As you will see, if you watch Morgan Neville’s beautifully crafted documentary, Won’t You Be My Neighbor?, Rogers closed many of his speeches with that same entreaty. It summed up the essence of the wonderful man whose company I enjoyed that snowy evening in February 2001 and via correspondence thereafter.
Two years later, on February 27, 2003, as we gathered at the Time-Life Building in Rockefeller Center for the 54th annual Christopher Awards gala, we suddenly learned and announced to our shocked audience that Fred Rogers had passed away earlier that day. More tears were shed, but this time for the loss of this great man who had hugged us with his presence, seemingly hale and hearty just two years before…who had made me and others that evening in February 2001 remember that we were special, that we were “loved and capable of loving.”
Now Academy Award®-winning director Morgan Neville honors Fred Rogers’ legacy with the exquisitely crafted and moving documentary, Won’t You Be My Neighbor? The film follows the trajectory of Rogers’ life and career–his boyhood challenges, his serious study of early child development and fascination with early television, and the road that melded those two passions with his media ministry. The pivotal themes, puppets, cast and crew are on-hand, as are Rogers’ widow Joanne, their sons John and Jim, and sister Elaine (aka Lady Elaine).
There are many delightful and surprising moments. Vintage clips underscore Fred’s impressive ability to individually engage shy young fans one-on-one; to share hugs and kisses with Koko, the gorilla; and convince old, cranky U.S. Senators with an ax to grind that funding children’s programming on public TV was a must.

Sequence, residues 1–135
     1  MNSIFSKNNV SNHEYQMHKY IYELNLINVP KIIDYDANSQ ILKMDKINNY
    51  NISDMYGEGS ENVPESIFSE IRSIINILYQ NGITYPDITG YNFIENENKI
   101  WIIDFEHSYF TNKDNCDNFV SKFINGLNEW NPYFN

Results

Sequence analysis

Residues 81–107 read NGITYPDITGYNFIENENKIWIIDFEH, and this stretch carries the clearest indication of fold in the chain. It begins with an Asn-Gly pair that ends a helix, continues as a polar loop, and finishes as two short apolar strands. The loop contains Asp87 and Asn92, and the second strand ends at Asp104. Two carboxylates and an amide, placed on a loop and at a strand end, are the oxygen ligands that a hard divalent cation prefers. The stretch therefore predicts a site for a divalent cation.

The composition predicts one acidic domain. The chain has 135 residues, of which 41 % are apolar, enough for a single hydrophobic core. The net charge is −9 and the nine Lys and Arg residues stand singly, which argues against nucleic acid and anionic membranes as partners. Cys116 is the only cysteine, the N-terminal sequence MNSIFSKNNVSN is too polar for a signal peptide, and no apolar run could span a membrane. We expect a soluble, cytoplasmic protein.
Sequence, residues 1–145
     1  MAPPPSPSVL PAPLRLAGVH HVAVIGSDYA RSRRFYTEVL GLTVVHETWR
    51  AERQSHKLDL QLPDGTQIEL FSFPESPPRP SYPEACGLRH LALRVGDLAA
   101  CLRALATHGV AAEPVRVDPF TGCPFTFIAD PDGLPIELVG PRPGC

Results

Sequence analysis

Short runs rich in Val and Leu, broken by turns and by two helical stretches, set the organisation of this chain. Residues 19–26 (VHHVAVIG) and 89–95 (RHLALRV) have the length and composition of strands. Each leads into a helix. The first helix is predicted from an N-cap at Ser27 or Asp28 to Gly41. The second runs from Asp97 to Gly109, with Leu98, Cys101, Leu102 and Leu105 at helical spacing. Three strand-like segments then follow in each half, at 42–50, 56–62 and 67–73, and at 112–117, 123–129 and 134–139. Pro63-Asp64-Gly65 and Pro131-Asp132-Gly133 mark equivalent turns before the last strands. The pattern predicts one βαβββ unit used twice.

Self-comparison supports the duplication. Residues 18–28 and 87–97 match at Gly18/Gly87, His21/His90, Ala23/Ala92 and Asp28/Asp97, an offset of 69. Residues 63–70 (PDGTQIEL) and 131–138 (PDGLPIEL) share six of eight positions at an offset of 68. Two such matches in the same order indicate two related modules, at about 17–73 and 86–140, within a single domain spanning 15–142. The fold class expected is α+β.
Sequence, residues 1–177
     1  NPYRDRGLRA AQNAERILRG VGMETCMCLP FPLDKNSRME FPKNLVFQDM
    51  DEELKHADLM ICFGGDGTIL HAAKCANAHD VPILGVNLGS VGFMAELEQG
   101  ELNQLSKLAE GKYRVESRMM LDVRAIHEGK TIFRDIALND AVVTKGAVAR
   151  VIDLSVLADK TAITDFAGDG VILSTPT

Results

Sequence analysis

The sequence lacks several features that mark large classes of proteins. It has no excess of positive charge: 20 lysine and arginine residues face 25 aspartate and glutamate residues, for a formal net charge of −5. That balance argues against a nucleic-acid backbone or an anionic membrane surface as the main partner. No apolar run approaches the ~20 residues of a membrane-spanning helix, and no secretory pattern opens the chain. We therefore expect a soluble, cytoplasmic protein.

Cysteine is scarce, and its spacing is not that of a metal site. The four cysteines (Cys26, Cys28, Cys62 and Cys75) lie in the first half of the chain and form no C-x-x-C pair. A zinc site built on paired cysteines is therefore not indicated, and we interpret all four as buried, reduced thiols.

A lovely animation, featuring Fred’s puppet Daniel Striped Tiger, threads throughout the film as quiet commentary on the challenges Rogers faced along the way. “Daniel was the real Fred,” remembers Joanne Rogers wistfully.
“The greatest thing that we can do is to help somebody know that they’re loved and capable of loving.” –Fred Rogers.
Be sure to grab a box of tissues and watch Won’t You Be My Neighbor? when it debuts on HBO tonight, Saturday, February 9, 2019, 8:00 – 9:35 p.m. ET/PT. The film will also air concurrently tonight, Saturday, February 9, 2019, 8:00 – 9:35 p.m. ET/PT on the PBS series, Independent Lens. (Check listings for PBS air times in your region and additional HBO play dates in the days and weeks ahead, and the film’s availability on DVD, HBO On Demand and streaming via HBO Max.) –Judith Trojan
Thank you Judy….. I enjoy reading your blog.
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Judy, thanks for a wonderful post. I saw the film in the theater in the fall when it first came out and it really moved me. Like you, I had the chance to spend some time with Mr. Rogers at The Christopher Awards and I remember when he asked all of us to take a moment and think of someone who had touched our lives. I thought of my father, who had died about two years earlier.
After the ceremony, I sat with him while we waited for a car to get him back to his hotel on that stormy night. Not wanting to inconvenience anyone, he said he’d to walk the several blocks, dragging his suitcase behind, and I pleaded with him to wait till we could get him a car. We sat and talked for several minutes and, upon later reflection,I realized almost all the time had been spent with him asking questions about me and my father. The things he said and the way he spoke to me made me realize I had been in the presence of someone truly touched by God. I was on a high for days afterward, and I still get a smile when I think of that time with Mr. Rogers.
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Great article Judy! Sent from my iPhone
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Great write-up. Thanks! I saw this last year when it was in theaters. It’s very good. Since I didn’t start working at the Christopher Awards until May 2001, I unfortunately missed meeting Fred Rogers at the Awards Gala the previous February. He was such a positive force. This documentary gives a good sense of just how much.